Groups Sue Obama for Scrapping Stricter Smog Limit
WASHINGTON (AP) — Environmental groups sued the Obama administration Tuesday for scrapping a stricter limit for smog-forming pollution, saying the decision violated the law and put politics ahead of protecting public health.
The lawsuit filed in the federal appeals court in Washington by four environmental and public health groups came after the White House last month said it would not support setting a new standard for ground-level ozone until 2013, outraging environmentalists.
Environmental Protection Agency chief Lisa Jackson had said in 2009 at the recommendation of scientific advisers that she wanted a more stringent standard to protect public health.
But President Barack Obama, facing a re-election race in 2012 and under pressure from business groups and Republicans, rejected the final proposal. The White House said setting a new standard would create "needless uncertainty" at a time when the economy was struggling.
The cost of complying was estimated at between $19 billion and $90 billion a year, making it one of the most expensive environmental regulations ever and earning it a spot on a list of rules targeted by House Republicans.
The Clean Air Act prohibits the EPA from considering compliance costs when setting a public health standard.
"EPA assured us repeatedly that they were going to finalize action on that proposal to strengthen the standard," said David Baron, managing attorney for Earthjustice, which sued on behalf of the American Lung Association, Environmental Defense Fund, Appalachian Mountain Club and Natural Resources Defense Council. "Then all of a sudden, the Obama administration abruptly reversed course and said they weren't going to strengthen the standards after all."
The new standard would have replaced one set in 2008 by President George W. Bush. Public health experts, the EPA's scientific advisory panel and Obama's top environmental official have said that standard fell short of fully protecting public health.
Ground-level ozone, the main ingredient in smog, triggers asthma attacks, causes lung damage and increases the risk of dying from lung disease.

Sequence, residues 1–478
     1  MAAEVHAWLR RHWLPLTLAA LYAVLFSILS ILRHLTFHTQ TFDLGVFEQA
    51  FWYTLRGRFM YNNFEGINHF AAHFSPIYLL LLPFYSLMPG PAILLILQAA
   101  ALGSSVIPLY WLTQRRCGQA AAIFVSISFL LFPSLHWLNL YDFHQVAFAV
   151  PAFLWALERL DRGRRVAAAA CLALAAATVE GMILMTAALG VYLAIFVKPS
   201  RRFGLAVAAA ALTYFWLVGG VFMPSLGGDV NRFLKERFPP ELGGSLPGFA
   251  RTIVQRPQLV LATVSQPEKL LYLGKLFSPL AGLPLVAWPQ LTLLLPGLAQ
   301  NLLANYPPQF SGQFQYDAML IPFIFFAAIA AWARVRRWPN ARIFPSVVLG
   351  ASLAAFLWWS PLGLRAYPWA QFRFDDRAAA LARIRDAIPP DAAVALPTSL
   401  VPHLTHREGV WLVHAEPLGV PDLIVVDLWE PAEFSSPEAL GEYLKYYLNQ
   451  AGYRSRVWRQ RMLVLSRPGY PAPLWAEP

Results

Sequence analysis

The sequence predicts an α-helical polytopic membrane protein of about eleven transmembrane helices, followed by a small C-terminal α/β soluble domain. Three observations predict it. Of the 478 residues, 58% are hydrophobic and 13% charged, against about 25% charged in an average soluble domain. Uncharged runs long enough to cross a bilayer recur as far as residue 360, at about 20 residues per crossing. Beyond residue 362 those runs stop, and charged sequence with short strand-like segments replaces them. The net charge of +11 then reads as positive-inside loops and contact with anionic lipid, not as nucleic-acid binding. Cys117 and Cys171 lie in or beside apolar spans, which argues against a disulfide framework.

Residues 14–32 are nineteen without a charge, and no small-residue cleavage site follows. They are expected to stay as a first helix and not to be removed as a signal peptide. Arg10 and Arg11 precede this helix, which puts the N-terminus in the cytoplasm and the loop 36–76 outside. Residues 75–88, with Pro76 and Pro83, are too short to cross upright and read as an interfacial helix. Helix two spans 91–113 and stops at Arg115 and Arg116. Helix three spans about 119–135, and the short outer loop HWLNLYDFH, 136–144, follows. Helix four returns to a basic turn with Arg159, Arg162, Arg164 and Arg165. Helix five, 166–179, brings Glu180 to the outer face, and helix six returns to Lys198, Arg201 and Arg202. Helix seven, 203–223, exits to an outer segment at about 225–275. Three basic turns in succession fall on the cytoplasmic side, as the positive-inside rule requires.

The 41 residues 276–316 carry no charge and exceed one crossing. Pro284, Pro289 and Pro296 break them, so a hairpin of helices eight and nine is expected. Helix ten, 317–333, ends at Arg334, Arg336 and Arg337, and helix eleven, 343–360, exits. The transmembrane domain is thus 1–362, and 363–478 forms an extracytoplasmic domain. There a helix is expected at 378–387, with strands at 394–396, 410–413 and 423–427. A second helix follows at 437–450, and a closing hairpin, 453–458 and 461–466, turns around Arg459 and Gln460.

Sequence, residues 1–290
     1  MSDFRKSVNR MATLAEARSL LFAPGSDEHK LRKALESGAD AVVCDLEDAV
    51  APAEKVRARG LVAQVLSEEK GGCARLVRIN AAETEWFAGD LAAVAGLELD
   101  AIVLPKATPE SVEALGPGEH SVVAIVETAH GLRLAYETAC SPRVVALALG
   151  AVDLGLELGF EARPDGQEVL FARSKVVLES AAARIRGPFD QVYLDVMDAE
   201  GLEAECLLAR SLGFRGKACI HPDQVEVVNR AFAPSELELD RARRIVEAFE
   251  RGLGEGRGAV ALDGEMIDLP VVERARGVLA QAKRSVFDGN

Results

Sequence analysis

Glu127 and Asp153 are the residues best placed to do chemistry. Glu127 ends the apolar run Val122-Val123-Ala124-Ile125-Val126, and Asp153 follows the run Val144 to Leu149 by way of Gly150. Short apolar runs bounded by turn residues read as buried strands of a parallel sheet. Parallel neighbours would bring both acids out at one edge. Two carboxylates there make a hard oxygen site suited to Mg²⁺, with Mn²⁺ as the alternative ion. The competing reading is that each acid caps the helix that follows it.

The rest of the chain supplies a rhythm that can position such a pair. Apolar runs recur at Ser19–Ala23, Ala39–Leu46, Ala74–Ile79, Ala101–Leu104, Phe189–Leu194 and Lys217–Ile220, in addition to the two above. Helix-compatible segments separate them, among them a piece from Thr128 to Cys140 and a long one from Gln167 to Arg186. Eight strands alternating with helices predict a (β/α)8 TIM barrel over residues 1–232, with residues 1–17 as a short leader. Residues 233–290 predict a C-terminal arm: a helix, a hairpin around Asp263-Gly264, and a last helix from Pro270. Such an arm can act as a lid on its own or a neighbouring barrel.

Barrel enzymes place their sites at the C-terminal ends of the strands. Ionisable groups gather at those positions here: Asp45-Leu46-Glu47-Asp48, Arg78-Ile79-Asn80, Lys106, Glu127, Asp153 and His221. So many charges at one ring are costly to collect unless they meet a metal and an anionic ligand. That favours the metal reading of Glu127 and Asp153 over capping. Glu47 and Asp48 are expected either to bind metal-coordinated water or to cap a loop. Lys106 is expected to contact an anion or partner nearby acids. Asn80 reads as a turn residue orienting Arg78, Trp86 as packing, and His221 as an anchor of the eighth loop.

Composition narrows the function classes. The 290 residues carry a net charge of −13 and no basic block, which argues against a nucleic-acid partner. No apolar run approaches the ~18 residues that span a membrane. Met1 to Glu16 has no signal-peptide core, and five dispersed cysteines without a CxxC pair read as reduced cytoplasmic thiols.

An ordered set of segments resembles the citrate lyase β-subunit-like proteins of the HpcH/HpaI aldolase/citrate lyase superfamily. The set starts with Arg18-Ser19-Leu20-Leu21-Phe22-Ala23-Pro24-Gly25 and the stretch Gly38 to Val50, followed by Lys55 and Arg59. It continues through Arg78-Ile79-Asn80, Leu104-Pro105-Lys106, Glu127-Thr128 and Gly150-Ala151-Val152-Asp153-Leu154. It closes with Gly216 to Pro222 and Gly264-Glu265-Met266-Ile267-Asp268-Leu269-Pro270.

Documents released last week by the EPA show that the agency wanted to change the standard from 75 parts per billion measured over eight hours to 70 parts per billion. An advisory committee had recommended a range of 60 parts per billion to 70 parts per billion. It will now move forward with the level set by Bush, while laying the groundwork for a new standard.
The White House said the EPA's proposed regulation was based on outdated scientific evidence. It said other regulations imposed by the EPA would reduce smog in the meantime.
The administration's decision angered environmentalists to a degree unseen in Obama's presidency.
Frances Beinecke, the head of the council and a member of the president's commission on the Gulf oil spill, told the group's members that Obama had "dropped us like a hot potato."
The EPA said the administration had put in place "historic standards and safeguards for clean air," including a long-overdue proposal to cut mercury pollution from power plants.
But that rule is under attack in court as well. On Monday, 26 states sided with the utility industry and asked a federal judge to delay regulations to curb mercury and other toxic pollution from coal-fired power plants. That action followed a letter sent by 11 governors to the White House seeking a delay.
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